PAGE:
Major storms pummeled parts of the South and Central U.S. with tornadoes, record-breaking sized hail and historic blizzard conditions, causing widespread damage, thousands of power outages, and leaving dozens of people injured.

Tornado watches and warnings remained in effect for northern Iowa, a section of central Texas and parts of Louisiana Tuesday night as the dangerous storm system is expected to continue through Thursday. 

The National Weather Service Storm Prediction Center has issued level 4 out of 5 ‘moderate risk’ of severe weather and for a large part of the Mississippi Valley on Wednesday, citing ‘the potential for strong tornadoes and very large hail. 

Several tornadoes touched down in Central Texas and Iowa Tuesday, causing widespread damage, the National Weather Service reported.

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A tornado touches down in Iowa Tuesday. Watches and warnings remained in effect for northern Iowa, a section of central Texas and parts of Louisiana into Wednesday as the dangerous storm system is expected to continue

The National Weather Service Storm Prediction Center issued level 4 out of 5 'moderate risk' of severe weather on Wednesday, citing 'the potential for strong tornadoes and very large hail'

The National Weather Service Storm Prediction Center issued level 4 out of 5 ‘moderate risk’ of severe weather on Wednesday, citing ‘the potential for strong tornadoes and very large hail’

One tornado swept through the Texas town of Salado, damaging homes in Bell County, and produced massive hail, some nearly six inches in length

One tornado swept through the Texas town of Salado, damaging homes in Bell County, and produced massive hail, some nearly six inches in length 

One tornado swept through the Texas town of Salado, damaging homes in Bell County, and produced massive record breaking hail, nearly six inches in length, according to photos posted to social media. 

Officials say 23 people were hurt in the Bell County storm with 12 people taken to the hospital, and one was reported to be in critical condition.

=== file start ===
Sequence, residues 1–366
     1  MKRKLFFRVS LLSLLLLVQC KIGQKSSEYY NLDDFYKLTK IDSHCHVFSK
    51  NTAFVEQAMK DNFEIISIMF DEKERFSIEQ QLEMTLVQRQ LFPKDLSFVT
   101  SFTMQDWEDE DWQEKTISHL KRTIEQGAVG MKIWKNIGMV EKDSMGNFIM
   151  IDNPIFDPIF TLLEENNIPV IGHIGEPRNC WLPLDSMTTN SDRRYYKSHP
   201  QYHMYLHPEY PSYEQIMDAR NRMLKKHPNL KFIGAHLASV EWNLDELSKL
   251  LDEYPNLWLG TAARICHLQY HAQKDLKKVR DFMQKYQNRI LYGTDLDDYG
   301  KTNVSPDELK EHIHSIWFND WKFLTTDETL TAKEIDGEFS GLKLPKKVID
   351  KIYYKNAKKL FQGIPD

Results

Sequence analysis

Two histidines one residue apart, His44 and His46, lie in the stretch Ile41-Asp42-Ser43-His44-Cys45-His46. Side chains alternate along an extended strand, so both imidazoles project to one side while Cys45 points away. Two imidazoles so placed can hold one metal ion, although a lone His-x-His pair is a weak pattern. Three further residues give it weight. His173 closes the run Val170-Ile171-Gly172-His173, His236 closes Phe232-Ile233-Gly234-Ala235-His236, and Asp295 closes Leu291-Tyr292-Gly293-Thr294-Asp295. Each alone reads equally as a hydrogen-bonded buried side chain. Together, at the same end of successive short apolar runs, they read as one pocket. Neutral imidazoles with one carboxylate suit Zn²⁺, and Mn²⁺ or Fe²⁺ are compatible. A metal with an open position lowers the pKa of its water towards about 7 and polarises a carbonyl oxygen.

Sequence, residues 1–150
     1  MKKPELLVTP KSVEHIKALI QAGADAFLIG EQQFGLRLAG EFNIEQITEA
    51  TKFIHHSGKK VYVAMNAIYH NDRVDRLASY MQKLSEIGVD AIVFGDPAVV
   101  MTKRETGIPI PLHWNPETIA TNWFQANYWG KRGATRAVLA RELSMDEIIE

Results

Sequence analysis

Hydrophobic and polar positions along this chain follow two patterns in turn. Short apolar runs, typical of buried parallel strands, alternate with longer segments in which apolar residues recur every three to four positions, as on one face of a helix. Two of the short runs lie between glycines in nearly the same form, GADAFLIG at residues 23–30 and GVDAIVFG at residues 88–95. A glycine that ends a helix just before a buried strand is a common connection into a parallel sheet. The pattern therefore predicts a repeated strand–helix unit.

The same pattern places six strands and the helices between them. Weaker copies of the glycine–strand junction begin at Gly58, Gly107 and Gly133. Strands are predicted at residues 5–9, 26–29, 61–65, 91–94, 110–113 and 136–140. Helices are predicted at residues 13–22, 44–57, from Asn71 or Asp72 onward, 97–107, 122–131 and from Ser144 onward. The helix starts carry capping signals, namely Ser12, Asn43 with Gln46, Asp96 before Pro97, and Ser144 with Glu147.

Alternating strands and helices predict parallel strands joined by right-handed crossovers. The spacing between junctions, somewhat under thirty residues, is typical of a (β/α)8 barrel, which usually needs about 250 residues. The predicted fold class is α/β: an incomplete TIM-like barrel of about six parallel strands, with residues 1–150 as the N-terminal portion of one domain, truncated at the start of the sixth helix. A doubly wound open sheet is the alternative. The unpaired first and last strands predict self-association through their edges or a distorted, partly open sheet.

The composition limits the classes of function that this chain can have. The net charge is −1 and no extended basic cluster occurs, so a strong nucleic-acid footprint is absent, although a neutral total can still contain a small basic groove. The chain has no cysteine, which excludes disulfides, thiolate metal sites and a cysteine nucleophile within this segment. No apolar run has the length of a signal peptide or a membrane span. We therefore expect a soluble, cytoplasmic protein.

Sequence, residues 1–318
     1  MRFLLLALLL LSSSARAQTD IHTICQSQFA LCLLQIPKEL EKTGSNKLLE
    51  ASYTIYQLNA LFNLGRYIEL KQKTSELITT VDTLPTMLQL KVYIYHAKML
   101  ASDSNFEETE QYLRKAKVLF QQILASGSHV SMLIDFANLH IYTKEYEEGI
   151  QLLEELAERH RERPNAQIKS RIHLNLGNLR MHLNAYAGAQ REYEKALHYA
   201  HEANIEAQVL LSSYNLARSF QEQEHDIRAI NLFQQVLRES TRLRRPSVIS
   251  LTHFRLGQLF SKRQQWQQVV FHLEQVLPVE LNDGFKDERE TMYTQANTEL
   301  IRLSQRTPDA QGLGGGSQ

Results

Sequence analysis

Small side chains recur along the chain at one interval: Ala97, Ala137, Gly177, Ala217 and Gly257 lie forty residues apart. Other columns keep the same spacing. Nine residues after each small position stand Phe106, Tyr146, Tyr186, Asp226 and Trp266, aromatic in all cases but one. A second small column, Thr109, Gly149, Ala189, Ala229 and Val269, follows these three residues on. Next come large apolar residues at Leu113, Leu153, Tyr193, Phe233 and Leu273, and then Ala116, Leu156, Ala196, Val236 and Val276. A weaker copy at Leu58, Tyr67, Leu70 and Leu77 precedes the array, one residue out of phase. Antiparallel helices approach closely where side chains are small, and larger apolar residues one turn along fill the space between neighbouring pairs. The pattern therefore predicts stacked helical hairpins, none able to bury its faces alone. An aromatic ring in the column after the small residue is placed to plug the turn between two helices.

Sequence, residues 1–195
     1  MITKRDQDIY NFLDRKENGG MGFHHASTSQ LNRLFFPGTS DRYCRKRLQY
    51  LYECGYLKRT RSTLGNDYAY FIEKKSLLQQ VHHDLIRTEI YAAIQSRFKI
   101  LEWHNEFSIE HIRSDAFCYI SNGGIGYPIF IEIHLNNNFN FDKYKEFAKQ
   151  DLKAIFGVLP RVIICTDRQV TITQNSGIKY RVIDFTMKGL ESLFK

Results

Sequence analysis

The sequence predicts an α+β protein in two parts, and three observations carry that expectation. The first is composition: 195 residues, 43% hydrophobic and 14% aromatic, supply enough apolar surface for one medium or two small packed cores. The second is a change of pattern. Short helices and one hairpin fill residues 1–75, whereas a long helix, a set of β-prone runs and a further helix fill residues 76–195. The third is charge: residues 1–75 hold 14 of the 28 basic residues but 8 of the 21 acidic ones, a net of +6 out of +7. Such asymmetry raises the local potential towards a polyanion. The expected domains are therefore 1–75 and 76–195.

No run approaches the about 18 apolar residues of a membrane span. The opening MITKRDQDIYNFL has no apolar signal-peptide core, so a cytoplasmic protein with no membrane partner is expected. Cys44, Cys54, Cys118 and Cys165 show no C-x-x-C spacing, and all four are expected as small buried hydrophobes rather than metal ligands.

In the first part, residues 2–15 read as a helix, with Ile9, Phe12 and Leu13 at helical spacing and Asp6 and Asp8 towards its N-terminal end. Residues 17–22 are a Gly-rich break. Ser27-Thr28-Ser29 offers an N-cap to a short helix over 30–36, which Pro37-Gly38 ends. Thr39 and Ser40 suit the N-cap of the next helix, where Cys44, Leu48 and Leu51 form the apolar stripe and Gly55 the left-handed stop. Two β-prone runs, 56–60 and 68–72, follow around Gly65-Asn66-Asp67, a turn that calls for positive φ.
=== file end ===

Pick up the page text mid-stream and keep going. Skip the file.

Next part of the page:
The tornado was on the ground for an estimated 7 miles, according to Bell County Judge David Blackburn. 

Rotating thunderstorms churned over Iowa and Louisiana, soon followed by historic blizzard conditions in North Dakota.   

There were reports of people trapped in the homes in Bossier City, Louisiana, according to KSLA. And thousands of SWEPCO customers temporarily lost electrical service. 

Nearly 81,000 customers in Texas were without power early Wednesday morning, about 10,000 in Iowa, and 72,000-plus customers in Louisiana, according to a utility tracking site. 

Storms are expected to continue through the night and into Wednesday with damaging winds and possible tornadoes.   

‘Numerous severe thunderstorms appear likely across a large portion of the lower/mid Mississippi Valley into the Midwest, and lower Ohio Valley on Wednesday,’ the NWS Storm Prediction Center said.

A blizzard slammed North Dakota with whiteout conditions, and meteorologists said it could rage into Thursday, becoming one of the biggest in a quarter century

A blizzard slammed North Dakota with whiteout conditions, and meteorologists said it could rage into Thursday, becoming one of the biggest in a quarter century

Two feet of snow were predicted across much of the state and northern cities such could see up to 30 inches by Thursday, when the weather system was expected to move northeast

Two feet of snow were predicted across much of the state and northern cities such could see up to 30 inches by Thursday, when the weather system was expected to move northeast

Earlier on Tuesday, a major blizzard slammed North Dakota with snow, high winds and whiteout conditions, and meteorologists said the spring snowstorm could rage into Thursday, becoming one of the biggest in a quarter century.

Bismarck Airport canceled all flights for the day. State offices closed at 12:30 p.m. local time and residents were urged to stay off roads due to treacherous conditions.

‘Its definitely looking like its going to pack a punch,’ Rick Krolak of the National Weather Service office in Bismarck said of the storm, which began blowing snow across the city early on Tuesday morning.

‘We started seeing snow in Bismarck at 4 a.m., winds kicking up causing whiteout conditions,’ Krolak said.

Two feet of snow were predicted across much of the state. Northern cities such as Minot could see up to 30 inches by Thursday, when the weather system was expected to move northeast and out of the region.

Krolak said the storm brought to mind the blizzard of 1997 that hit on April 4 of that year, dumping up to two feet of snow in some areas, knocking out power to thousands of residents and leaving motorists stranded on major highways.

The National Weather Service warned of potential power outages from this year’s storm as well.

A separate weather system brought thunderstorms, high winds, heavy rain and hail across the U.S. Midwest and into the south. 

The National Weather Service issued tornado warnings were issued across the state on Tuesday and the University of Central Arkansas canceled all classes for the day.



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